A great number of novel anticancer drugs are showing promising results in the treatment of solid cancers. During the biennial European Cancer Congress (ECC 2015) being held in Vienna, Austria (September 25 - 29, 2015), which combines the efforts of the most important European oncology professionals with the aim of improving the prevention, diagnosis, treatment and care of cancer patients, results of ongoing research and new treatment options are presented.
“There are reasons to be…Continue
Added by Editorial Team on September 28, 2015 at 4:00pm — No Comments
OncoSec Medical, a company developing DNA-based intratumoral cancer immunotherapies, earlier today announced results from OMS-I110 a Phase II clinical trial (NCT01440816) demonstrating that its investigational therapy, ImmunoPulse™ IL-12, promotes tumor-specific, systemic antitumor immune responses in patients with Merkel cell carcinoma…Continue
Added by Editorial Team on September 28, 2015 at 2:00pm — No Comments
Eating a Mediterranean diet supplemented with extra virgin olive oil was associated with a relatively lower risk of breast cancer in a study of women in Spain, according to an article published online by JAMA Internal Medicine.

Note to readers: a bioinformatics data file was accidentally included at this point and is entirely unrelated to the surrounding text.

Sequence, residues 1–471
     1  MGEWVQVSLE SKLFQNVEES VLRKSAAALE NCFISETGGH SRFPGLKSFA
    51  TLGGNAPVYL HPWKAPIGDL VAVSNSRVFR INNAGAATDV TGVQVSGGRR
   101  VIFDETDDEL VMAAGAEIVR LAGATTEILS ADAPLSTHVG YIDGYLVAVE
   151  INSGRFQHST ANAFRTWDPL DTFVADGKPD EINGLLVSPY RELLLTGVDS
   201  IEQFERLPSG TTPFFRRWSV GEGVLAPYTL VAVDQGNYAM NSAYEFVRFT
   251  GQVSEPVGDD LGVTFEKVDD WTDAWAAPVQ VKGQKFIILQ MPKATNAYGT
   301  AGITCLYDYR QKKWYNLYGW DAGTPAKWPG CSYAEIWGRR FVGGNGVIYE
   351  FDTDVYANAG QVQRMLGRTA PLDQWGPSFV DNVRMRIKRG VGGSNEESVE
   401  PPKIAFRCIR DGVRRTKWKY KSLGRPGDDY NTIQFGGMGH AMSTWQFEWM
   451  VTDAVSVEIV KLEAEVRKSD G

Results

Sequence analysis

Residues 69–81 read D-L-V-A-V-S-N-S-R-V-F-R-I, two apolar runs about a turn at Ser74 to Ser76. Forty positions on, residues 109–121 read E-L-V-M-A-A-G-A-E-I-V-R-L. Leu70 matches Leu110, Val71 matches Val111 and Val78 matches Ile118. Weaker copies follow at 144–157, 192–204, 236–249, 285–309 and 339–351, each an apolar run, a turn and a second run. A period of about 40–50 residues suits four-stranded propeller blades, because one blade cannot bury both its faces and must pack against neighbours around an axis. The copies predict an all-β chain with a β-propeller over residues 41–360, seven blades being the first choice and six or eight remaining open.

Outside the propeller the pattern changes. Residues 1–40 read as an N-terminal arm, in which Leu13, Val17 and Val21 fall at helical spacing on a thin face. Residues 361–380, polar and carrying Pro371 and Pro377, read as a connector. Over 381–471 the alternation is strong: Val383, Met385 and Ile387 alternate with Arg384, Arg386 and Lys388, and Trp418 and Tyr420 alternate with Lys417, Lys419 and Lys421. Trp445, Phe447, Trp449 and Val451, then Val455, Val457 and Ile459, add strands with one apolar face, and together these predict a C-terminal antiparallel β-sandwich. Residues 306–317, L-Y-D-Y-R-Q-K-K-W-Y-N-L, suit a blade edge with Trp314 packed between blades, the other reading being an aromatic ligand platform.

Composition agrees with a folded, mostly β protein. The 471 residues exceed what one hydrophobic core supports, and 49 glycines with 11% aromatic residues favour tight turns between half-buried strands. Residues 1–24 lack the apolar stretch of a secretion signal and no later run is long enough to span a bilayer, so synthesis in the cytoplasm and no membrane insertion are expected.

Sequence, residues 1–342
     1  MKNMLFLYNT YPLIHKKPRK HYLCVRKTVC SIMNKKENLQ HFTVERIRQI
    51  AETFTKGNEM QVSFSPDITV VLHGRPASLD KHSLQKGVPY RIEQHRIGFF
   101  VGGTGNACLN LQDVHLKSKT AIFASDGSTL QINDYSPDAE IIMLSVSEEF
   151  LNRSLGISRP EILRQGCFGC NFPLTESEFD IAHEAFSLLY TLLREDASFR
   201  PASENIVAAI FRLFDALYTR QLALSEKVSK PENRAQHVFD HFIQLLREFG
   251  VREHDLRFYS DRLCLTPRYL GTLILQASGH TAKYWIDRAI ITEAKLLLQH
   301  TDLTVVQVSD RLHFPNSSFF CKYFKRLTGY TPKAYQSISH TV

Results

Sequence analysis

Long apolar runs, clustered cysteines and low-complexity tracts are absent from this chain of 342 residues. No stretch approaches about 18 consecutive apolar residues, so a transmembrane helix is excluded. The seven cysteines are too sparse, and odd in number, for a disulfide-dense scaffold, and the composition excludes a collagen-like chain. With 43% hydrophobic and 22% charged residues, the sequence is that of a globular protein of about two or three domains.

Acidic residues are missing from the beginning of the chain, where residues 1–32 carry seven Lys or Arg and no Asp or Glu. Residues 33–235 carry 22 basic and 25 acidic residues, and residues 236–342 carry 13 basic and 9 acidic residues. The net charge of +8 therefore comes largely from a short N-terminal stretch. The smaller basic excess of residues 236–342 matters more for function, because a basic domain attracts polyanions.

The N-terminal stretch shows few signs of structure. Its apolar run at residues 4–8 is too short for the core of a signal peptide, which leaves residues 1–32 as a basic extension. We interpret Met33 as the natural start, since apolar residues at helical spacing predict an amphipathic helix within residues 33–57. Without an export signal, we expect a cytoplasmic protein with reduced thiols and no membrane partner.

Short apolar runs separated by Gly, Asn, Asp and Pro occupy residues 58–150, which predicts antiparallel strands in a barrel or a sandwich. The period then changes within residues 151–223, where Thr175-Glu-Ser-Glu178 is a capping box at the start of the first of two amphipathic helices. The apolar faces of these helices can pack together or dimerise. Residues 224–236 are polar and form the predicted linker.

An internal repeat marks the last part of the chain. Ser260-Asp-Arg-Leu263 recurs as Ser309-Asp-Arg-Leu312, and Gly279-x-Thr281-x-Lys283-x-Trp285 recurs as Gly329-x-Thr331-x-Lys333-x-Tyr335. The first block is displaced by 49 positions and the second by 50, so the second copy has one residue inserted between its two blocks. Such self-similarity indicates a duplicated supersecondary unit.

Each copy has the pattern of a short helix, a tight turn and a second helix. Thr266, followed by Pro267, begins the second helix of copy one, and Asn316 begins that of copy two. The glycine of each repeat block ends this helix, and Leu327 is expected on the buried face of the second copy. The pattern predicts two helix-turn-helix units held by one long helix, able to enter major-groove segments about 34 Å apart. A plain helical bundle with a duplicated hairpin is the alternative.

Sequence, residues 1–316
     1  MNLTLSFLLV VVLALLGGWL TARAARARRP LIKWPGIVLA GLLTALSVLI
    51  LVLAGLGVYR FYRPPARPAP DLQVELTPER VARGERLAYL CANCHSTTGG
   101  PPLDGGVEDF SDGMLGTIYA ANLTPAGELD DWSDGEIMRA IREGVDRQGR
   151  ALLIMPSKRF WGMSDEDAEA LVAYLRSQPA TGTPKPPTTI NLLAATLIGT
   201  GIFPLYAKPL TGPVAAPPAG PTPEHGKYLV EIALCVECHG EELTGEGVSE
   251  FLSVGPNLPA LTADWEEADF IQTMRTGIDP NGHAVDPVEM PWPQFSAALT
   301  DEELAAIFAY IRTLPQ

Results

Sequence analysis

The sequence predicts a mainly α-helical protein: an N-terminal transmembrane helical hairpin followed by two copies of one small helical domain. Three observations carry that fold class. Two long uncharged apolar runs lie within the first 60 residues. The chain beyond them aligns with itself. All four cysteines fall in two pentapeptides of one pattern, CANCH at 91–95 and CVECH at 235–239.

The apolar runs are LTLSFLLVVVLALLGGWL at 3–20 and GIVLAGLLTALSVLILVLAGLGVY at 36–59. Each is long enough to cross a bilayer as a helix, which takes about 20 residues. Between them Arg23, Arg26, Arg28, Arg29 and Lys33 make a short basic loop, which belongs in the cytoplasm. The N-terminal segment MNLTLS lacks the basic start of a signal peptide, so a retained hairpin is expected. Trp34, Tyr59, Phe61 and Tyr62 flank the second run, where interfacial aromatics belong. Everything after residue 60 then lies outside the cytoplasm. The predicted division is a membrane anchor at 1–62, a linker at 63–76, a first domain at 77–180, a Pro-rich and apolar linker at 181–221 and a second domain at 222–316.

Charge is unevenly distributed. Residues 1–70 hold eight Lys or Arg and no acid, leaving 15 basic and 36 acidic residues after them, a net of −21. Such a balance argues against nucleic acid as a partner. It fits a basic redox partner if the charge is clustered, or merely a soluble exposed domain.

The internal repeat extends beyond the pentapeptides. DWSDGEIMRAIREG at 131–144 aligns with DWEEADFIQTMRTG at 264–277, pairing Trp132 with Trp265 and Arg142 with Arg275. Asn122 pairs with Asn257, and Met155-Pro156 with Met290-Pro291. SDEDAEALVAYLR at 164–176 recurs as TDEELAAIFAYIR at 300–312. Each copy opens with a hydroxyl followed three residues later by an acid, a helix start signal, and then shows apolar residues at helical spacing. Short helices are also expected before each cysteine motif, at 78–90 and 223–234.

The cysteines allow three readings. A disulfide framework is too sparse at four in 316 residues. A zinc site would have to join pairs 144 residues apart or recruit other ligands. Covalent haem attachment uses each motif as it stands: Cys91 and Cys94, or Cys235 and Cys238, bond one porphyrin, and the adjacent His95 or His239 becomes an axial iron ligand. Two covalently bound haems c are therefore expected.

Breast cancer is a frequently diagnosed cancer and a leading cause of death in women. Diet has been extensively studied as a modifiable risk factor in the development of breast cancer but epidemiologic evidence on the effect of specific dietary…Continue
Added by Editorial Team on September 14, 2015 at 3:00pm — No Comments
Using unproven, ‘value-based’ penalties and bonuses, and ignoring socioeconomic disparities between patient populations, Medicare is diverting money from hospitals serving largely minority and low-income Americans to hospitals serving the more affluent.
Medicare’s pay-for-performance (P4P) incentives, which financially reward or punish hospitals depending on whether they hit specific numerical targets in matters such as curbing inpatient readmissions, are having the unintended side…Continue
Added by Editorial Team on September 8, 2015 at 10:30am — No Comments
A study that used stored blood samples from U.S. Air Force personnel who conducted aerial herbicide spray missions of Agent Orange during the Vietnam war found a more than 2-fold increased risk of the precursor to multiple myeloma known as monoclonal gammopathy of undetermined significance (MGUS). The study was published in JAMA Oncology. 
While the cause of MGUS and multiple myeloma (plasma cell cancer) remains largely unclear, studies have reported an elevated risk of…Continue
Added by Editorial Team on September 3, 2015 at 11:00pm — No Comments